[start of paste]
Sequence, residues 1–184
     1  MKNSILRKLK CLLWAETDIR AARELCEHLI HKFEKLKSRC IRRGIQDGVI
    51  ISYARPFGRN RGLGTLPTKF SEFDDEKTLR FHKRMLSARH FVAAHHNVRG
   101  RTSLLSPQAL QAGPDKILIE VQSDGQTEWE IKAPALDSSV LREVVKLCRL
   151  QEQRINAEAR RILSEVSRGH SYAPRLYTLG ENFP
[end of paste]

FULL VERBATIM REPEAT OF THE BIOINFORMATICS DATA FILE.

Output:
Sequence, residues 1–184
     1  MKNSILRKLK CLLWAETDIR AARELCEHLI HKFEKLKSRC IRRGIQDGVI
    51  ISYARPFGRN RGLGTLPTKF SEFDDEKTLR FHKRMLSARH FVAAHHNVRG
   101  RTSLLSPQAL QAGPDKILIE VQSDGQTEWE IKAPALDSSV LREVVKLCRL
   151  QEQRINAEAR RILSEVSRGH SYAPRLYTLG ENFP